Have evangelicals made secret plans to split the Church?


Andrew Goddard writes: In response to Nic Tall’s recent argument that CEEC and others have been “plotting the division of the Church of England”, this article:

  • Offers an alternative personal perspective from within CEEC and a critique of the partial nature of his account.
  • Argues that CEEC has in practice recently become more, not less, broad and representative of Anglican evangelicals than it was previously.
  • Shows that its primary goal has been to articulate and defend Church of England teaching and to do so in dialogue with critics of that teaching including in part through the LLF process.
  • Explains that, learning from the experience of other churches and being realistic about the seriousness of our theological disagreements and the significant proportion of the CofE rejecting its teaching and current practice, CEEC has also sought to avoid bitter divisions.
  • Sets out how CEEC has instead tried to develop a better, consensual way forward focussed on differentiation within the CofE rather than theological compromise and incoherence or breaking away from the CofE.
  • Demonstrates it has been quite open about this work as it developed over time but few have engaged seriously with its arguments publicly.
  • Highlights that it has also sought to build relationships and explore these questions with leaders pressing for change as in the St Hugh’s Conversations (which Tall ignores) and the consequent recognition by the Bishop of Oxford of the need to work if possible with CEEC proposals and not simply reject them as unacceptably divisive.
  • Stresses that another primary concern of CEEC has been maintaining unity with the majority of the Anglican Communion.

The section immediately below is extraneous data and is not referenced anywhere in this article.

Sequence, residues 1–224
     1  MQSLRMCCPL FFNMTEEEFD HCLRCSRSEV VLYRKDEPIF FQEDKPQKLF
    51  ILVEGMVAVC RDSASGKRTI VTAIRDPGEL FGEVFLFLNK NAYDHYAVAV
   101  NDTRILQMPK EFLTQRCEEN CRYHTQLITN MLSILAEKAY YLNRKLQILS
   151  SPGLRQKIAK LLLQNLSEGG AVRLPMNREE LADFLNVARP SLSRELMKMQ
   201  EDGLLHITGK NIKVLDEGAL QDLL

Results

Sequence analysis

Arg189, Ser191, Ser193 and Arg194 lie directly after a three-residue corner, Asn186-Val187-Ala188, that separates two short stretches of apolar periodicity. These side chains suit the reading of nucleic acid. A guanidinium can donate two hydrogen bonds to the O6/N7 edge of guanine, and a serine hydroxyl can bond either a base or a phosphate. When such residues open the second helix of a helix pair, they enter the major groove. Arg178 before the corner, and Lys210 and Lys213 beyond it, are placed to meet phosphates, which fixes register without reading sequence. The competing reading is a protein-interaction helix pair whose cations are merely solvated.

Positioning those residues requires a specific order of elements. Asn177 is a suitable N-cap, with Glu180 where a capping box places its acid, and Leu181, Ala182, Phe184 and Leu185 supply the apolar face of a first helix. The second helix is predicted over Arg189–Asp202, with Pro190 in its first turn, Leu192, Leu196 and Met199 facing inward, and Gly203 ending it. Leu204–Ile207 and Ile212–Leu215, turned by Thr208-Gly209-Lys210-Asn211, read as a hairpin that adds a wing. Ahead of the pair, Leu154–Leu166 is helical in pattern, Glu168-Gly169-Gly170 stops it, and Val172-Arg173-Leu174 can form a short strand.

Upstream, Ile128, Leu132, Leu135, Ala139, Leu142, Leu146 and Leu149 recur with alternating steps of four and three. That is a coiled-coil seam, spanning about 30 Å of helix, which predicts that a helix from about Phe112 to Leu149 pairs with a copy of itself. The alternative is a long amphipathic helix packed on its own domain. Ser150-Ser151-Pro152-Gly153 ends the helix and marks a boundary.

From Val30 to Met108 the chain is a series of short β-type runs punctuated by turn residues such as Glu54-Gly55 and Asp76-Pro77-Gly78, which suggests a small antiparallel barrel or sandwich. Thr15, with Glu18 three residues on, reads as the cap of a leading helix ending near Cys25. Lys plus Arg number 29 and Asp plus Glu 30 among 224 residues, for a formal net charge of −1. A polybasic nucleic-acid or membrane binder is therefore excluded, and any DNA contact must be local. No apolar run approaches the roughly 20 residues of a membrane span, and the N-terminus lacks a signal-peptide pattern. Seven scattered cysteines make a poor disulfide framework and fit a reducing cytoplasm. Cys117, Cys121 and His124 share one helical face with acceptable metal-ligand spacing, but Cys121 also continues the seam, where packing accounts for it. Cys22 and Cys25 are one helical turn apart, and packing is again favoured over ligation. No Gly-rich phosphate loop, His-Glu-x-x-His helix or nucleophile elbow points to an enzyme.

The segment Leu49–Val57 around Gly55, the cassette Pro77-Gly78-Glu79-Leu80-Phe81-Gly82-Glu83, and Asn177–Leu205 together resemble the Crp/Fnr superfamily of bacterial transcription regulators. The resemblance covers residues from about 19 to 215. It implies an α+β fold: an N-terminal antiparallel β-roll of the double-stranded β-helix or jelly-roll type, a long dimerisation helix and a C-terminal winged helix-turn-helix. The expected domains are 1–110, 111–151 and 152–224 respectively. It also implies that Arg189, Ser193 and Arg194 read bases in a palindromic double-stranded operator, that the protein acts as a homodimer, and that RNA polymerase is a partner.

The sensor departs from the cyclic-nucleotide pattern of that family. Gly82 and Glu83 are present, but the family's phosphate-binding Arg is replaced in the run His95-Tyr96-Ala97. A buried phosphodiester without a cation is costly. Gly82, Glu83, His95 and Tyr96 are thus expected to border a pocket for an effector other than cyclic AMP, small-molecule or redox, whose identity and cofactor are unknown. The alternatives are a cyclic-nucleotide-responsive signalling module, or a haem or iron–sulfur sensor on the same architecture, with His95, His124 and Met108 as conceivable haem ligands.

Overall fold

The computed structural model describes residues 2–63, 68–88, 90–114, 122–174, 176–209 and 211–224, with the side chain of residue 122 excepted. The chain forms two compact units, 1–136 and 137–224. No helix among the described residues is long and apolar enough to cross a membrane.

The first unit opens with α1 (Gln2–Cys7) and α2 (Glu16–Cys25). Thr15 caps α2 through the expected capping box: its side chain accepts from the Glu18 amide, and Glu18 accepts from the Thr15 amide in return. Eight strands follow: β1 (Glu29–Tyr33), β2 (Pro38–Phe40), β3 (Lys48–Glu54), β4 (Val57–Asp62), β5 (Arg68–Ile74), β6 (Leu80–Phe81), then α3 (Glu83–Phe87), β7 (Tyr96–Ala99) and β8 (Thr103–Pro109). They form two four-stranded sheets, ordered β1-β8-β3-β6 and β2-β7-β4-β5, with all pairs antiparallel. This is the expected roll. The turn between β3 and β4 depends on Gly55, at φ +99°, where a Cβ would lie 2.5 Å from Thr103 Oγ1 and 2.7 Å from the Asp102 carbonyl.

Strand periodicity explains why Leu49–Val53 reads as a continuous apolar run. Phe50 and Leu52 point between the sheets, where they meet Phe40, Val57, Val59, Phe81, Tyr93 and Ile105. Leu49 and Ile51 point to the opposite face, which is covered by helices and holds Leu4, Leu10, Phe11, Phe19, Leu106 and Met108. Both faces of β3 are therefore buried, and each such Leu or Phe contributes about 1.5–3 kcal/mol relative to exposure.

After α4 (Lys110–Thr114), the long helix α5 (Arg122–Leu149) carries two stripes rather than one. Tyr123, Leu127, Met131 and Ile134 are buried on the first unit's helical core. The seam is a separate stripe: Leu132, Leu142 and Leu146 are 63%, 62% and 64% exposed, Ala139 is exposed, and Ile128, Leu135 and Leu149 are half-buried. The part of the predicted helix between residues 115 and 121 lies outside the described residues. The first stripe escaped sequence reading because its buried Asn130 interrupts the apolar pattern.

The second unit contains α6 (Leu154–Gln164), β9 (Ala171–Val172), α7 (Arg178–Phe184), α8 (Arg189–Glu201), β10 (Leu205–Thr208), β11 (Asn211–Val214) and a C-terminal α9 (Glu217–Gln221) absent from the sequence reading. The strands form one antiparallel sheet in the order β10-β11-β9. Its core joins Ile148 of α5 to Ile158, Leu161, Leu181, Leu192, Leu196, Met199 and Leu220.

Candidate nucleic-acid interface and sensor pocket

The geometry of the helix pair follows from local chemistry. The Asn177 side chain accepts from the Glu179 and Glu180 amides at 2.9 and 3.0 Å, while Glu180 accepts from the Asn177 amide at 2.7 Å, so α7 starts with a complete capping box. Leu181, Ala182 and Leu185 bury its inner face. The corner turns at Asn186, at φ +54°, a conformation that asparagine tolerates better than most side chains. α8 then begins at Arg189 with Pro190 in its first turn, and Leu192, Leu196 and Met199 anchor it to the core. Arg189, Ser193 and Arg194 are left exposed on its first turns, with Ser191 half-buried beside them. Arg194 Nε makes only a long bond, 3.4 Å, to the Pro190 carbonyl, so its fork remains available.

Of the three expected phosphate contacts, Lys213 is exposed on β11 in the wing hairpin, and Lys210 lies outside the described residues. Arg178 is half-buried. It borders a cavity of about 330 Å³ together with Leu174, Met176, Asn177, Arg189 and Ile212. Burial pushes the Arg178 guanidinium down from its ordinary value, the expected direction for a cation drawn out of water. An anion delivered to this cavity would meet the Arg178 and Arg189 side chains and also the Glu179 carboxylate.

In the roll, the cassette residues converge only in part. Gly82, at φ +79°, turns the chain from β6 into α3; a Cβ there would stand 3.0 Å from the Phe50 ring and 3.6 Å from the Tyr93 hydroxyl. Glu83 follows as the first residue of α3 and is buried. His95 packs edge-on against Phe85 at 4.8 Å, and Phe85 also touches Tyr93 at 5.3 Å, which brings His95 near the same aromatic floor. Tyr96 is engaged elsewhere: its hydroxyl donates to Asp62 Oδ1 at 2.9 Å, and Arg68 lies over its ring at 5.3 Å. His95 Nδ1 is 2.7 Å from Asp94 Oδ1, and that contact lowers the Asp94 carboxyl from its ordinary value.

• Points out that the significance of the recent formation of the Alliance is that it undermines claims that concerns about the bishops’ proposals are only those of a small minority of conservative evangelicals.
  • Signals concerns about some of the attitudes seen in Tall’s article and among its supporters.
  • Warns of the dangers in combining a pressing forward with changes in doctrinal and moral teaching and practice with a conservative unwillingness to consider changes in ecclesial structures to meet the concerns of those who reject such theological and liturgical developments.
  • Concludes that this approach, rather than that of CEEC, is in fact more likely to bring about the division of the Church of England which Tall wishes to avoid.

In an end of 2023 article, Nic Tall (Secretary of the General Synod Gender & Sexuality Group) presented a case that the Church of England Evangelical Council (CEEC) has been “Plotting the Division of the Church of England” since at least 2016. Although drawing on research into the CEEC’s recent activity, the piece is partial both in the sense of being incomplete and selective (whether intentionally so or simply due to the limits of research) and in the sense of not being in any sense impartial but rather clearly having an obvious axe to grind, at times bordering on developing a form of “conspiracy theory”. It has, however, gained a reasonably high profile (particularly among those whose suspicions about what has been going on seem to be corroborated by the evidence he cites) and generated some lively discussion in the comments on the article and on social media more widely. 

What follows is similarly inevitably partial in both senses – I have served on CEEC throughout this time – but seeks to help enable a more rounded picture to be developed. It is a personal perspective, offering my own observations from the inside, not a formal CEEC response. It also needs to be remembered that as in any network, whether Christian or secular, conservative or progressive, there are always a range of perspectives and motivations such that care needs to be taken about making simple characterisations that do not recognise the diversity of views held and ends sought within a group by the various people involved. 

CEEC’s Evolution